The Crusaders and the Lions meet at Ellis Park on Saturday in a clash between the two form sides of 2017.
By dispatching the Chiefs and the Hurricanes respectively last weekend, there is no doubt that the winner on Saturday will have earned the right to be called the best club side in the world.
Last time out we looked at the reasons that the Crusaders will win the trophy. Let’s take the opposing view and here are five reasons why that team will be the Lions:
Home field advantage
Topping the log in Super Rugby is a really good idea if you want to win the title. As the Lions were able to leapfrog the Crusaders in the final round of matches and grab that sport, they now get to host their New Zealand rivals at Ellis Park on Saturday instead of heading to Christchurch to play.
This is obviously a broken system as the two teams played different opponents throughout the year and to be taken seriously as a competition the final MUST be played on a neutral ground in the future. In 2017, however, this is the lot that has been cast and the Lions have to fancy themselves on their home patch.
Since the beginning of the professional era in 1996, not one team has crossed the Indian Ocean for a final and returned victoriously. The Crusaders had to travel 16 hours to get to a final that will be played at over 1,700 metres above sea level. Oh, and there will also be over 60,000 home fans cheering the Lions on.
All this combined is the literal definition of a home field advantage.
They will stick to the game plan
Faced with a Hurricane’s barrage in the first half of their semifinal matchup it would have been easy for the Lions to divert away from their game plan. Instead, the side heeded the words of coach Johan Ackermann and continued to play their own style of game.
The result was one of the most impressive turnarounds we have ever seen in a Finals match as the Lions clawed back the Hurricanes to emerge as the 44-29 victors.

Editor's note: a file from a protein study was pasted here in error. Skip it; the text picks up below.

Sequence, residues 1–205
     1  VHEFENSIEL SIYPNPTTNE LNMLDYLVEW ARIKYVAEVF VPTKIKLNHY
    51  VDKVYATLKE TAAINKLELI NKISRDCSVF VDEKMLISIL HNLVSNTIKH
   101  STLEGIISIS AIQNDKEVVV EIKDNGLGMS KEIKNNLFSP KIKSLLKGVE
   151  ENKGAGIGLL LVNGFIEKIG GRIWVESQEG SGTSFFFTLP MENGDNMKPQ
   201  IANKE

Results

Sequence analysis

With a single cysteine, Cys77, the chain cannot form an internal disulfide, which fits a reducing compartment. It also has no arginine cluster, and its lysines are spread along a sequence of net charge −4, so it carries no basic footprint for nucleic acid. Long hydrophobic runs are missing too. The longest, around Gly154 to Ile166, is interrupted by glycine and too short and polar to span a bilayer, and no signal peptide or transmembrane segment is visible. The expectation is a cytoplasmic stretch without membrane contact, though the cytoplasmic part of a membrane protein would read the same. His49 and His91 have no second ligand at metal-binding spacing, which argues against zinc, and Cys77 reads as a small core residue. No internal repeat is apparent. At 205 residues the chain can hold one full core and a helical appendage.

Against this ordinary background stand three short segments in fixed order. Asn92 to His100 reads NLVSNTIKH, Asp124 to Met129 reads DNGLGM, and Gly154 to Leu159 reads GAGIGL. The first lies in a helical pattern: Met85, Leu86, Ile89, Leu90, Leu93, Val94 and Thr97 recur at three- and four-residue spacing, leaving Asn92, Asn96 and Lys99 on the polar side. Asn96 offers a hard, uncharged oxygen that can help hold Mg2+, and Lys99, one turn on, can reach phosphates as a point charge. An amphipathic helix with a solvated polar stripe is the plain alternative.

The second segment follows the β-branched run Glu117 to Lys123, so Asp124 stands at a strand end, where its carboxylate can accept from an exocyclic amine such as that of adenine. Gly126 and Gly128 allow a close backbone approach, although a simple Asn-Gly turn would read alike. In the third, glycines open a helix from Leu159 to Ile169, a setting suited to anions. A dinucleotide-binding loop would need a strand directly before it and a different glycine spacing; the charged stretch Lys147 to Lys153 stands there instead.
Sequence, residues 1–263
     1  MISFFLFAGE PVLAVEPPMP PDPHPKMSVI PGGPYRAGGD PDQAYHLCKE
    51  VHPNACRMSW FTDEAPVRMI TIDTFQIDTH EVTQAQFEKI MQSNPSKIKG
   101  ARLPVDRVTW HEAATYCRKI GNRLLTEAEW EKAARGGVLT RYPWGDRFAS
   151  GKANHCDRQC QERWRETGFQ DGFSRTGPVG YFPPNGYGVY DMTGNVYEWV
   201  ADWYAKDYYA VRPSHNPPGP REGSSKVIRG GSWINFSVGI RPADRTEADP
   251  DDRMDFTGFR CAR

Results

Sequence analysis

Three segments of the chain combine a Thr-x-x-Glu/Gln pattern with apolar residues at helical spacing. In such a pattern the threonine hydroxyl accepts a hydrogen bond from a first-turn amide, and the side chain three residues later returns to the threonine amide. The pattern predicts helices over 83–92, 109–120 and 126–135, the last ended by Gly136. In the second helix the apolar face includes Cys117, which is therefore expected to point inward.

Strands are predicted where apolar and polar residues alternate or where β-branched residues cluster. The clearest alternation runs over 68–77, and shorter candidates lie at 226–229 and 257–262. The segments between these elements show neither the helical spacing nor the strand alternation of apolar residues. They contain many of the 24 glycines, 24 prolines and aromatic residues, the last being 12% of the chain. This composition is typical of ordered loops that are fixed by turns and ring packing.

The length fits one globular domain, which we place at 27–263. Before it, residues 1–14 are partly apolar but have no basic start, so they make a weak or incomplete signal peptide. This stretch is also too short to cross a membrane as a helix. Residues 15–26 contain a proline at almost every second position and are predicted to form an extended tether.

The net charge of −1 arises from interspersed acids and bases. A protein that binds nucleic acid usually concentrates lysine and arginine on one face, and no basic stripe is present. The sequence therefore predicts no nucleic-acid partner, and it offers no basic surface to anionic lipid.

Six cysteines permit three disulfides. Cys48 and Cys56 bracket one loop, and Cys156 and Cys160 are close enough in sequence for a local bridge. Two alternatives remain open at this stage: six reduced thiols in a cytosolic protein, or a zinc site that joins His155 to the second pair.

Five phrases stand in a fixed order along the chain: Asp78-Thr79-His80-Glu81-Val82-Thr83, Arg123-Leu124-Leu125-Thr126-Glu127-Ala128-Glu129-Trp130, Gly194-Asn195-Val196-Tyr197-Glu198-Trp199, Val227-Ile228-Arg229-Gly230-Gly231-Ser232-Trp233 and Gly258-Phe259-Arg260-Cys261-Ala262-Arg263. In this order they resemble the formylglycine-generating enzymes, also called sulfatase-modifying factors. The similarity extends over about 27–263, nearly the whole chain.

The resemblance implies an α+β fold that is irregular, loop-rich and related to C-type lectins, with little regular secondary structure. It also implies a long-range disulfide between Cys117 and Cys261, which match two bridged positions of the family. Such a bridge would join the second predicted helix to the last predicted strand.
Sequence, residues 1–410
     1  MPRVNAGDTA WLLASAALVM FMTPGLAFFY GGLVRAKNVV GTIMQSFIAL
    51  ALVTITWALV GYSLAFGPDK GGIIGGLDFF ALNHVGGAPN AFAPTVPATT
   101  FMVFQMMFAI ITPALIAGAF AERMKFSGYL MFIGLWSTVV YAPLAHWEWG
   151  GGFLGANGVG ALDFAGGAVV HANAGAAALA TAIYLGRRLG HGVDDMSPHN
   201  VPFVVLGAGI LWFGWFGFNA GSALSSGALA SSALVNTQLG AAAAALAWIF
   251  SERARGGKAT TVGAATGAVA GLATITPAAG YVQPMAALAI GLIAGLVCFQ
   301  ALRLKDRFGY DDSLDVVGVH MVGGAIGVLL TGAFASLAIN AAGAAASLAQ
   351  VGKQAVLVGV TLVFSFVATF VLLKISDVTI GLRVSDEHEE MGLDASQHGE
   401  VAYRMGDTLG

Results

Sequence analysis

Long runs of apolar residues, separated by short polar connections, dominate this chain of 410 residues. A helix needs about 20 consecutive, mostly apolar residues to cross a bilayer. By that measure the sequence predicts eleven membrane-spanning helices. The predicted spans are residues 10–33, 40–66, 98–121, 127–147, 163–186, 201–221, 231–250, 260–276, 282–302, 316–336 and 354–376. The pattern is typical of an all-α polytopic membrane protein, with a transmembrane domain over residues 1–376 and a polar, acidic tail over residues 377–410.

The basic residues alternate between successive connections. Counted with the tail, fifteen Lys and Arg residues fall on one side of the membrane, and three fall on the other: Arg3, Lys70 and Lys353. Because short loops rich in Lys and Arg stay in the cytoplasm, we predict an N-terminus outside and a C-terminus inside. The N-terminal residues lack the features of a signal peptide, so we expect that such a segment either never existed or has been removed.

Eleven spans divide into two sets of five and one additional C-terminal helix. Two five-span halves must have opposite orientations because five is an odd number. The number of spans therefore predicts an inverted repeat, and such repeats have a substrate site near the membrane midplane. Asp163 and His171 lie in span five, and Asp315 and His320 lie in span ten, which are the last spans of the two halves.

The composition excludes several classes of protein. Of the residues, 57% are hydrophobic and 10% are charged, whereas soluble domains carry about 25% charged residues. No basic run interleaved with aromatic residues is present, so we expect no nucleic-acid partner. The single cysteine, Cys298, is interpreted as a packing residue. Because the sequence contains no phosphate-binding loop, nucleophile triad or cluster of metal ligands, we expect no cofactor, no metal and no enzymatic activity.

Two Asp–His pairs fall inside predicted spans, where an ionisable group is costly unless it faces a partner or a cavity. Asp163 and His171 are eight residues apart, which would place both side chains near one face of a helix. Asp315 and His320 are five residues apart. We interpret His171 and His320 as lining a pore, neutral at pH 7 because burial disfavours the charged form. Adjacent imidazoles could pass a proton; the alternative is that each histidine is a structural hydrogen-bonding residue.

Ackermann wanted his side to play direct – yet free flowing – rugby. The idea was that the Hurricanes would tire as the game wore on and their pressure defense would start faltering leaving gaps to exploit. This is exactly how the Lions took control of the game as the Hurricanes struggled to get off of their line defensively.
Ackermann clearly has the complete trust of his players and that will serve him well if the Crusaders jump out to a lead this weekend.
They can win the collisions
The Lions are a South African team in their playing style. They want to send powerful ball runners down exposed channels and use that momentum to push forward repeatedly until they cross the try line. It is not particularly groundbreaking as a tactic, but it is still an effective way to win games if deployed correctly.
The way that the Lions do this is by winning the collision. Scrum-half Ross Cronje is key here – perhaps even more so than No. 10 Elton Jantjes – as Cronje has the vision and passing ability to hit the right runner more often than not. The pack is loaded with gain line breakers and it is those players that will be relied upon to suck in the Crusaders defenders before the ball is swung wide to their finishers on the outside.
The Crusaders are fearsome defensively, but the Lions have the artillery in their pack to dominate the collision area and come away with a win.
Recent scares will help them
The Chiefs weren’t the only team to push the Lions hard since the playoffs began. After beating the Sharks twice (comfortably) during round robin play, the Lions needed a late penalty to get past the Durban side in the quarterfinals.
The problem has been that the Lions just haven’t started matches well over the past couple of weeks. They have been loose with the ball, they have given away silly penalties, and they have just not been at it until 20 minutes have gone by. If they start at this same subpar level in the final then the Crusaders will jump out to a lead and this is not a side you want to be attempting to run down from behind.
The Lions though have learned their lesson. Much of the talk over the week leading up to the final has been about how they have to start faster and with more discipline in everything that they do. The speed the Chiefs played at last week hurt the Lions, but now they know how the Kiwis like to play with that tempo. Expect a much more solid opening quarter from the home side here.
Last year still hurts
The Lions have been here before.
Just 12 months ago they reached the Super Rugby Final only to fall at the last hurdle. The defeat was a tough one to swallow, but it was the way that they failed to trouble the Hurricanes in Wellington that has been festering and bothering the South African side for the past year.
The one thing that can be counted on in the 2017 final is that the Lions are going to give this their best shot. The Lions will throw everything they have at the Crusaders – pushed on by their home crowd – and they will not die wondering about what could have been.
You should never underestimate the motivational power of losing and the Lions will be out to show that they learned from last season by winning the whole thing on Saturday.
What do you think? Any other areas they Crusaders have the advantage? Let us know!
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